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OncologyFurther Opinion

The outcomes of navigation-assisted bone tumour surgery: Minimum three-year follow-up

H. S. Cho, J. H. Oh, I. Han, H-S. Kim
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J Bone Joint Surg [Br] 2012;94-B:1414-1420.

Sarcoma resections are done with pre-operatively planned margins based on imaging the extent of the tumor. These margins are “sacred” and cannot be compromised. In the limbs, where the tumor is resected through the joint, the proximal extent is measured based on MRI scans and it is simple to make a cut through the cylindrical femur perpendicular to the long axis freehand. An imprecise cut with angulation in either the frontal or the saggital plane will not greatly affect the margin or the alignment of the implant  and is easy to correct if very oblique. But if the cut requires being precise within millimetres, as is the case when joint preserving surgery is done, an imprecise cut can compromise the margin and result in tumor recurrence which can be limb as well as life threatening. The accuracy is even more difficult in the pelvis where the shapes are not geometrical and eyeballing can cause errors which are disastrous. Cartiaux et al1 in an experimental study demonstrated that even experienced surgeons had a greater than 33% error rate in making a cut in the pelvis despite ideal conditions like lack of soft tissues and blood on the saw bone model. This is well in line with studies which have shown higher than normal rates of positive margin and local recurrence for pelvic tumours.2,3 Just as modern aeroplanes are guided by sophisticated computerised navigation systems, a surgeon’s saw also requires precise guidance to ensure safety of margins as well as preventing damage to vital structures. A bad cut in arthroplasty can cause early implant failure which can be revised but a bad cut resulting in sarcoma recurrence cannot be corrected. Therefore we may argue about necessity of navigation in routine arthroplasties, but in tumour surgery where the risks are greater, navigation is necessary to improve precision. Technology has been useful to augment the skills of a surgeon, especially in tasks that require mathematical precision. We have steadily improved our precision by using intra-operative x-rays in trauma as well as cutting blocks and guides in arthroplasty. It is now safe to have a slightly longer operating times if it improves technical accuracy. In orthopaedic oncology, the gains are double in terms of better disease control as well as in the accuracy of reconstruction. Both these benefits far outweigh the drawback of increased operating time.

As with any other technology, it improves with time and experience. The current navigation systems are far superior to those available a decade ago and will again be much easier and more accurate in a few years time. We must thus today adopt a seemingly difficult practice to improve our accuracy and thus outcomes. The authors themselves have first used CT based planning, then done CT-MR fusion to use for planning and now currently use MR directly for planning navigation. The authors have used MRI compatible fiducial markers for more accurate registration and to further reduce the errors from CT-MRI fusion pictures. This is probably the correct way to go as the extent of a tumour is best judged on MRI. The planning, setup and registration times have also changed from a few hours in the past4,5 to 30 minutes currently as reported by the authors of this paper.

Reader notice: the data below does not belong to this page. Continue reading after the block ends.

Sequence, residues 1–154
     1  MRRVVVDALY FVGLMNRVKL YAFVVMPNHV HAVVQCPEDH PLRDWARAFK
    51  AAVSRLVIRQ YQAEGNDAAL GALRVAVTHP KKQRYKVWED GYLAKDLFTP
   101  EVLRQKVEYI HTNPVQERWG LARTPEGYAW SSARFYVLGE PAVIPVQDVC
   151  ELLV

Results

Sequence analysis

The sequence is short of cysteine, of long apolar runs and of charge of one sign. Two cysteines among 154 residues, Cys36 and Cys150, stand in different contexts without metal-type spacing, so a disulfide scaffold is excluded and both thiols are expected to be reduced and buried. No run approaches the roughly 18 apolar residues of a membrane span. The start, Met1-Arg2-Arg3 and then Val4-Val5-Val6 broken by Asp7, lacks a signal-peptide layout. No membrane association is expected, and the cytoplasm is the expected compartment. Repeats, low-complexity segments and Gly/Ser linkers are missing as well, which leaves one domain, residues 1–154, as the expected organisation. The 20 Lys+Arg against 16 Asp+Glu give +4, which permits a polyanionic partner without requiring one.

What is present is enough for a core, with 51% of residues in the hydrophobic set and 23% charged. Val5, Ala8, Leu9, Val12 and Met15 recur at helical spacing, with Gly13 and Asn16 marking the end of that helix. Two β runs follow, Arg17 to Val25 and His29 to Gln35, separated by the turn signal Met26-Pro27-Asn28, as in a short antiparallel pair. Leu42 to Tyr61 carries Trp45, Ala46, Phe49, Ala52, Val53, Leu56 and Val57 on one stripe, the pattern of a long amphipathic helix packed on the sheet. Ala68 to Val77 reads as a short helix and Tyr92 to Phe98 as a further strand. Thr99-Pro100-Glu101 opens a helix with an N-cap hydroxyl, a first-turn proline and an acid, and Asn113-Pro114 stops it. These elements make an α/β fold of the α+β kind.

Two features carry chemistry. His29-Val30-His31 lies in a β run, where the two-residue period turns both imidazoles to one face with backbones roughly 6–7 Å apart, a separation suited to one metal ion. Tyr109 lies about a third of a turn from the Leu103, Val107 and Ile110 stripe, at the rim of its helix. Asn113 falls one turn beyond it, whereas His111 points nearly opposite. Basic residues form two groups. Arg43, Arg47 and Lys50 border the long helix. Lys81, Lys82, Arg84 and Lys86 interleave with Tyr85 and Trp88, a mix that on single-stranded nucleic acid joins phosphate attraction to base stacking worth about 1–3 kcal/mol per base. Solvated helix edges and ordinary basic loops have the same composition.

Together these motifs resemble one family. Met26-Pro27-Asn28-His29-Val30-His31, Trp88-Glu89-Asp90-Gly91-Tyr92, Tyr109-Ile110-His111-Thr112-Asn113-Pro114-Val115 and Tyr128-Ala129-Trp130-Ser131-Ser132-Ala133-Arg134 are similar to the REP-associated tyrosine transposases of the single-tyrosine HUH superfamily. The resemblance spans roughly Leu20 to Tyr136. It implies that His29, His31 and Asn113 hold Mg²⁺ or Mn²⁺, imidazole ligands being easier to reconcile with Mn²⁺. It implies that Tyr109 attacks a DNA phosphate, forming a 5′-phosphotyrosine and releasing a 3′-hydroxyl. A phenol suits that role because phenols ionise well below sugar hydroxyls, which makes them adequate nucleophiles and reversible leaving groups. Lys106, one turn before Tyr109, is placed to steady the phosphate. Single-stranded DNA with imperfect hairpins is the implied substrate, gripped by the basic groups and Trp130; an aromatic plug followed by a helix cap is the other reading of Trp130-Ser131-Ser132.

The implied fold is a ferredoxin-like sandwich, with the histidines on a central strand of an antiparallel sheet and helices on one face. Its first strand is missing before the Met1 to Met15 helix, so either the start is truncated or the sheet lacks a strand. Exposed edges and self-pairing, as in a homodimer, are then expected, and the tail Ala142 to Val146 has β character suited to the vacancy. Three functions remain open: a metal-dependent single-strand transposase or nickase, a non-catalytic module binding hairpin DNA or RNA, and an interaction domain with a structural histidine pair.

With their technique, the authors have shown an accuracy of within 2mm from the preoperatively defined plan. Logically this would translate into a reduced local recurrence rate. The authors have therefore presented a strong case for use of computer aided navigation in operations where precision would directly effect the results, particularly in the pelvis and sacrum. It is also likely to be useful in limbs where reliable landmarks are hard to get as in joint sparing operations with close margins of resection.

Thus, the availability of navigation opens up the possibility of using methods of reconstruction, not possible without it, for example, unorthodox pelvic or limb cuts and custom-made implants to precisely fit those cuts. We can now have much closer resections and better function from the preservation of normal tissue, particularly in the pelvis and joint sparing resections.

Dr Manish Agarwal, Consultant Orthopaedic Oncologist,
Dr Prakash Nayak, Clinical associate,
P.D Hinduja National Hospital & Medical Research Centre, Veer Savarkar Marg, Mahim, Mumbai 400007, India


1.      Cartiaux O, Docquier PL, Paul L, et al. Surgical inaccuracy of tumor resection and reconstruction within the pelvis: an experimental study. Acta Orthop 2008;79:695-702.
2.      Delloye C, Banse X, Brichard B, Docquier P L, Cornu O. Pelvic reconstruction with a structural pelvic allograft after resection of a malignant bone tumor. J Bone Joint Surg [Am] 2007;89-A: 579-87.
3.      Ozaki T, Flege S, Kevric M, et al. Osteosarcoma of the pelvis: experience of the Cooperative Osteosarcoma Study Group. J Clin Oncol 2003;21:334-41.
4.      Wong KC, Kumta SM, Chiu KH, Antonio GE, Unwin P, Leung KS. Precision tumour resection and reconstruction using imageguided computer navigation. J Bone Joint Surg [Br] 2007;89-B:943–47.
5.      Reijnders K, Coppes MH, van Hulzen AL, et al. Image guided surgery: new technology for surgery of soft tissue and bone sarcomas. Eur J Surg Oncol 2007;33:390–8.